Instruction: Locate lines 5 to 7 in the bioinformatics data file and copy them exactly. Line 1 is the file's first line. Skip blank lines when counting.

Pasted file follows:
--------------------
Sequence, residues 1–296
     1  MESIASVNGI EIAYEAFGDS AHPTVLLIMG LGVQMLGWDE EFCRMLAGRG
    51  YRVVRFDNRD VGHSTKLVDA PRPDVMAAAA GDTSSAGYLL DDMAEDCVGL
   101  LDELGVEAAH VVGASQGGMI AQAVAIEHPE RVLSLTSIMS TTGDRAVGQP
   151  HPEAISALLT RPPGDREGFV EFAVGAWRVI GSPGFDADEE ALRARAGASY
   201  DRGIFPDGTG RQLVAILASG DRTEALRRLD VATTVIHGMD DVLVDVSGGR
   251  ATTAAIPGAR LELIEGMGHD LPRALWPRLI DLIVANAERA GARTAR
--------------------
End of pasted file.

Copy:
   151  HPEAISALLT RPPGDREGFV EFAVGAWRVI GSPGFDADEE ALRARAGASY
   201  DRGIFPDGTG RQLVAILASG DRTEALRRLD VATTVIHGMD DVLVDVSGGR
   251  ATTAAIPGAR LELIEGMGHD LPRALWPRLI DLIVANAERA GARTAR